Virginia Barton

7 March 2017: Churchgoing


7 March 2017




There was a lot of Church when I was a girl. Surprising, when you consider that both our parents were agnostic.

From our house in the country a Saxon church of great beauty, St Michael’s, was within walking distance in one direction; and an ugly Victorian one in the other, dedicated to St Paul. Before the Reformation St Michael’s had been an Augustinian foundation; it is set in the midst of fields with a background of old trees. It had – still has – the prettiest graveyard with a distant view of mountains. We were sent there for Matins and to St. Paul’s in the village for Evensong. There was also Sunday School at St Paul’s run by a friend of the family, so of course we went to that as well.

My sister and I loved church, especially in the country; since much of Sunday was spent there it was just as well. Unconsciously, by osmosis, we absorbed large chunks of the Bible and a great many hymns Ancient and Modern. My great-grandfather had crafted lecterns for both churches: eagles with outspread wings on which to rest the Bible. (The fruits of his carving littered the dining-room at home, including a dozen hideous, orange mahogany faux “Jacobean” chairs, each so heavy you had to drag them to the table. Uncompromising, unforgiving chairs they were; tailor-made for the frequent admonition “to sit up straight”.)


Church in London was a very different affair. St Jude’s was of the highest of the High Churches, loftier than Rome by far, with bells and incense, a choir and an orchestra for Holy Days. It was immensely popular in the ‘Fifties and the charismatic Rector, Father Rennie, was to prepare me for Confirmation. By that time (aged fifteen/sixteen) I had decided to become a Catholic, a decision my father could not approve. How to avoid Father Rennie’s persuasive arguments, I prayed? The poor fellow had a massive heart attack just before our first meeting. Feeling mightily relieved and only slightly guilty, the subject of Confirmation classes was never mentioned again.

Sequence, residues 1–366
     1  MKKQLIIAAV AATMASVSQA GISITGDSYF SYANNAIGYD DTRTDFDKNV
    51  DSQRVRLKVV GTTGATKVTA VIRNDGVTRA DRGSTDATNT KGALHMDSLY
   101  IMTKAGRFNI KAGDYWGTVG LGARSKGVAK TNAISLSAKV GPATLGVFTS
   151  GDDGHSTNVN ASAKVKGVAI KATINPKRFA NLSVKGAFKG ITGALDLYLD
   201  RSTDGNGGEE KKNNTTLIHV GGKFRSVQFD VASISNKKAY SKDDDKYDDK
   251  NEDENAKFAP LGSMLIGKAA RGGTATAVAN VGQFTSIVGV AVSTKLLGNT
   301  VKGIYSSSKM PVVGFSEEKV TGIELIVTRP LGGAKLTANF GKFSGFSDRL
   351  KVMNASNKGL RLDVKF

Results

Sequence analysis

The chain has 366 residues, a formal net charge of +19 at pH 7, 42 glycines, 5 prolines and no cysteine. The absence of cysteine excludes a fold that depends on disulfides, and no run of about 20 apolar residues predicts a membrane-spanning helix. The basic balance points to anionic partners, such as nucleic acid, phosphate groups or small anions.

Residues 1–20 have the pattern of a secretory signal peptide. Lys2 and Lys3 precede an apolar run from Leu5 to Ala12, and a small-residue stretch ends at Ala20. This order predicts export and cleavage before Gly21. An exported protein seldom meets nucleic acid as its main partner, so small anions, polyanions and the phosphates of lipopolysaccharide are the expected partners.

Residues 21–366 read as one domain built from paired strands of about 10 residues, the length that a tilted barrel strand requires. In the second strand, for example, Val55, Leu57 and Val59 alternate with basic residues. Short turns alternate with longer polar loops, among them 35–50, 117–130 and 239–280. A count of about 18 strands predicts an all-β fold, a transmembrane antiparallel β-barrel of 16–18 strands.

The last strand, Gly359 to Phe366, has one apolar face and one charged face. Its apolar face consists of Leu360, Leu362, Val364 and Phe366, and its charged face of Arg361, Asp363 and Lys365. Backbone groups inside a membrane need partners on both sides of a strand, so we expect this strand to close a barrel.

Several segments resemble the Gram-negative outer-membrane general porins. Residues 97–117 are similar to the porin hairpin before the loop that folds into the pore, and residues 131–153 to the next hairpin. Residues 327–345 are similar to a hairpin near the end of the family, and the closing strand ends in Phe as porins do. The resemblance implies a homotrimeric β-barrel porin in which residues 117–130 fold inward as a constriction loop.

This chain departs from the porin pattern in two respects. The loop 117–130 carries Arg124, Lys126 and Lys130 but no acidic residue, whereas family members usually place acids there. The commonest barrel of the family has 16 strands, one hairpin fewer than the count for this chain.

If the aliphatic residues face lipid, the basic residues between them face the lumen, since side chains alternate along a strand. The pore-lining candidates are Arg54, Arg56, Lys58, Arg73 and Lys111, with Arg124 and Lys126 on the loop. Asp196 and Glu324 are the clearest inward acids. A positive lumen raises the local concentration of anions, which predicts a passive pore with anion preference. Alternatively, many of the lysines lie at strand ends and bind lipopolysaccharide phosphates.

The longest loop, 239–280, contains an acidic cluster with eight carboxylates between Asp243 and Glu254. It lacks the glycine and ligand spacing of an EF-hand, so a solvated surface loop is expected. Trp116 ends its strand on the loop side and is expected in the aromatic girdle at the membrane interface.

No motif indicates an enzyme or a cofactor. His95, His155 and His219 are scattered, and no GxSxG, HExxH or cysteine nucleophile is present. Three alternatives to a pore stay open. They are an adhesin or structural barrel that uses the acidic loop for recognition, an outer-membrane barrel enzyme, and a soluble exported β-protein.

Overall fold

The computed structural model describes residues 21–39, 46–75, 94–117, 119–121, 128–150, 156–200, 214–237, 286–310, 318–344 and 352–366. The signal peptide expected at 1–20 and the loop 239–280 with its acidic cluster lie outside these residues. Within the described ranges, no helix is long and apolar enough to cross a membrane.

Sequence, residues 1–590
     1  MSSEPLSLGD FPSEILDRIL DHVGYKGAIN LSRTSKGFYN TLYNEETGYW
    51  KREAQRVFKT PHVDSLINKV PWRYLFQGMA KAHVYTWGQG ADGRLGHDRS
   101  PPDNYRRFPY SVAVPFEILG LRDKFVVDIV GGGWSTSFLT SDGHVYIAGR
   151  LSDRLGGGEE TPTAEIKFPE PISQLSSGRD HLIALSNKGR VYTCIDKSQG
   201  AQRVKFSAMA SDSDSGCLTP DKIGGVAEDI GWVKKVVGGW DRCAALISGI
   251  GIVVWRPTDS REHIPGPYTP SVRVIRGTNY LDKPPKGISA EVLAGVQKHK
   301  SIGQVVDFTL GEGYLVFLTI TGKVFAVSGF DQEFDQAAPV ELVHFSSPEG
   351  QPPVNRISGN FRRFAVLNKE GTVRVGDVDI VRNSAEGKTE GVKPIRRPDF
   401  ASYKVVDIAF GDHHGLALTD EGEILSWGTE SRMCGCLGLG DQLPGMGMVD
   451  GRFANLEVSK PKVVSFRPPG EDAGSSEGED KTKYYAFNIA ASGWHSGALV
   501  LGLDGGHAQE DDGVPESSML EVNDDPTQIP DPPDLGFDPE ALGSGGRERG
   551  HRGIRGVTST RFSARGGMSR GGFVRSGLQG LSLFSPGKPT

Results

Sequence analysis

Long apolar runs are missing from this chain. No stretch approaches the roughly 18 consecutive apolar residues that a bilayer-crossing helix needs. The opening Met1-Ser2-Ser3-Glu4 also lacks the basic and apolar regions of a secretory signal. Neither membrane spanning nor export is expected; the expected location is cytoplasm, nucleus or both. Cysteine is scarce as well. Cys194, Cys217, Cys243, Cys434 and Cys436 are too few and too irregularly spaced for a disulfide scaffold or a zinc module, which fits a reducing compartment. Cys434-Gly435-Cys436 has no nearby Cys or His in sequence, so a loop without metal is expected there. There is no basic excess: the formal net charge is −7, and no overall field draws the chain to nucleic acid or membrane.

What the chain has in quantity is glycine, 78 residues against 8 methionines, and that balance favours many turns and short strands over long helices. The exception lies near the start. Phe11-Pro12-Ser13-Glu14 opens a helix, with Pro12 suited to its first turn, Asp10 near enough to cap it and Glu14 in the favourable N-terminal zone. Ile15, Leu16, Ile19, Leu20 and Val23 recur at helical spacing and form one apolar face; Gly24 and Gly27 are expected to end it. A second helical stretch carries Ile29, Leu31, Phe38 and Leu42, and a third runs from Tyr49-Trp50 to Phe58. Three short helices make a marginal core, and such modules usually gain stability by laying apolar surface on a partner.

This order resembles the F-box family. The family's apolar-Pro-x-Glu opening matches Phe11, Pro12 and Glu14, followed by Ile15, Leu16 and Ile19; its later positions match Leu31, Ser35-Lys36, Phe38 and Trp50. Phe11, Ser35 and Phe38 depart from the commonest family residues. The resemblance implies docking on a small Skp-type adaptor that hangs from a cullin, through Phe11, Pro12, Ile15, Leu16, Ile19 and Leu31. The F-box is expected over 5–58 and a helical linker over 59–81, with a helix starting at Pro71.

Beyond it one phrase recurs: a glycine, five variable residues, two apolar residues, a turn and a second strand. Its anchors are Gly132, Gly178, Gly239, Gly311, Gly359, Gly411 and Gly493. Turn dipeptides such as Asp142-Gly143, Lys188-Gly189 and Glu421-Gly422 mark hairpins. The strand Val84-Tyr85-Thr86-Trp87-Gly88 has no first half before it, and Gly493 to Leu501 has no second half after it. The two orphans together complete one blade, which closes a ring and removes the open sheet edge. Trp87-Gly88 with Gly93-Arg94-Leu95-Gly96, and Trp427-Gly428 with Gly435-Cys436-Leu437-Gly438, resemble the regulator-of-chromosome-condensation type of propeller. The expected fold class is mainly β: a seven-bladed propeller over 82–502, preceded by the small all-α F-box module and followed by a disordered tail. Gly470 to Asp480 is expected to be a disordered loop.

However, it was not the end of the saga. Aged eighteen I wrote a long and (I thought) reasonable letter asking my father if now that I was old enough to leave home and start a career, could I not also become a Catholic? The answer was no, not until I was twenty-one.

How times have changed! Can you imagine that happening today? And yet my beloved father was not a rigid or a hard man. Where religion was concerned he was a weddings-and-funerals man. At school, he told me, they would throw boots at the boys who knelt by their beds to say their prayers. He would only smile when asked which camp he belonged to.

I have no idea where he picked up his aversion to Catholicism but I have met quite a bit of it among people of a certain age and background. When I went to school in London in the early ‘Fifties no Catholics were admitted; and the history lessons were skewed. Some people believed (and probably still do) that one couldn’t be a true patriot and a Catholic simultaneously – and this despite all three armed services having a fair share of “Left Footers”, both officers and men.


That early introduction to the Old and New Testaments has been a comfort and an inspiration to me, and, poetically, the St James’s version is a yardstick to aspire to; if the more modern language is more accurate it is sometimes clumsy and downright ugly. You can’t beat a gentle country Evensong. Possibly only by its forerunner, Vespers, sung in a Benedictine monastery?

The road to St Michael’s is etched into my head: every gateway passed, the single house, lanes to the right up the fell and to the left to the river. Wayside plants, differing with the seasons; rainy Sundays and sunny ones – and us in our best clothes scuffing our shoes as we kicked pebbles along.

Happy days, all’s right with the world!



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